The Ministers General and Provincial of the First Order, by force of the altius moderamen "exercise their office by means of: the canonical establishment of local Fraternities; the pastoral visit at all levels; the appointment of the spiritual assistants at all levels, after having consulted the respective SFO Council" (Stat.Assist. 6).

1. Establishment of local Fraternities.

The local Fraternity must be canonically established (cf. Rule 22) by the "competent (i.e., appropriate) religious major Superior" (Gen.Const. 46.1). However, it is not an association in itself, but it is an articulation of the universal SFO, as are the Fraternities at all levels.

The expression "canonical establishment" refers only to the local Fraternities of the SFO. The Fraternities at other levels are constituted by the SFO authorities, in consultation with the Orders of friars, except that the international Fraternity , the Order, is constituted by the Pope.

Canonical establishment of a local Fraternity is a formal act of an ecclesiastical authority, while the constitution of national and regional Fraternities is an act of the internal organization of the SFO.

2. Pastoral visitation of Fraternities and their Councils at all levels.

The SFO General Constitutions state: "The pastoral visit is a privileged moment of communion with the First Order ... The visit is carried out with respect to the organization and the law proper to the SFO itself" (Art.95.1). The central sentence defines the scope of altius moderamen, namely, that the pastoral visit is "carried out also in the name of the Church and serves to guarantee and promote the observance of the Rule and the Constitutions and fidelity to the Franciscan charism."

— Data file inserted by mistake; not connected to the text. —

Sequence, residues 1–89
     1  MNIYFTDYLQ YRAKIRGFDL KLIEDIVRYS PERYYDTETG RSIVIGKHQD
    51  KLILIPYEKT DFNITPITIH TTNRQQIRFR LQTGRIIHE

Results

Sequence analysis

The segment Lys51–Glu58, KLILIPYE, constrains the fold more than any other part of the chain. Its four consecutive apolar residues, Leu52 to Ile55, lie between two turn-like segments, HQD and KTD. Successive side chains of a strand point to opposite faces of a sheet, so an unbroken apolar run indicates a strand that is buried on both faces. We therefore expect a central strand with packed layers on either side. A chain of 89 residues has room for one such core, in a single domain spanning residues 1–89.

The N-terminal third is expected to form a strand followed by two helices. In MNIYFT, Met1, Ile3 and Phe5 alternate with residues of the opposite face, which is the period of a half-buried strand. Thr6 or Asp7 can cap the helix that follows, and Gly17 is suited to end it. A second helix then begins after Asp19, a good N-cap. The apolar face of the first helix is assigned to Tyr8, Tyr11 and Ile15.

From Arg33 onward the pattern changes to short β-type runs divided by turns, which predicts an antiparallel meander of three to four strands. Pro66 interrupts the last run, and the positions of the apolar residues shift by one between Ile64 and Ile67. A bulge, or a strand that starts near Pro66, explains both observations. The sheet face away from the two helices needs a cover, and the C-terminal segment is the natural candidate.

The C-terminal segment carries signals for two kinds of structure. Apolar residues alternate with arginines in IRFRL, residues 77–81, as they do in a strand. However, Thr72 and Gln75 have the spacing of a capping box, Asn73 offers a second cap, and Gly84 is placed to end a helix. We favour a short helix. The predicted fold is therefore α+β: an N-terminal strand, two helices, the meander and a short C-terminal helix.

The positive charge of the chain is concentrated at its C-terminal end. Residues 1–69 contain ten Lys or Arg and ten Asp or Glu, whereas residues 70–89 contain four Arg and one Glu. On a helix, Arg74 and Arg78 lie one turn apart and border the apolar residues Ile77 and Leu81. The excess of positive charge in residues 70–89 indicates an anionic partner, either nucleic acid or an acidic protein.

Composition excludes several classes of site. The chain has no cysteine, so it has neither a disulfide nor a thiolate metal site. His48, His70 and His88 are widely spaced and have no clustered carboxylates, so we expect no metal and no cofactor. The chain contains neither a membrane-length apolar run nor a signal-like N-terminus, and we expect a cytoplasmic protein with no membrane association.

The pastoral visit to the local Fraternity is normally requested by the fraternity Council from the respective Regional Spiritual Assistant (or conference of spiritual assistants) every three years (cf. Rule 26; Gen.Const. 92.2a), and is "a privileged moment of communion with the First Order" (Gen.Const. 95.1). It is often made in conjunction with the fraternal visit, but great care must be taken that both visitors are given proper attention.

For urgent and serious reasons, the pastoral visit may be carried out upon the initiative of the competent Regional Assistant (or conference of spiritual assistants) (cf. Gen.Const. 92.3), without having been invited.

The visitor "will promote collaboration and a sense of co-responsibility among the secular leaders and the religious Assistants" (Gen.Const. 95.3).

3. Appointment of Spiritual Assistants to Fraternities and their Councils.

The appointment of the Spiritual Assistants is the competency of the Franciscan major Superiors of the First Order (cf. Gen.Const. 86), having heard the Council of the Fraternity concerned (cf. Gen.Const. 91.3). This is the meaning of "consultation".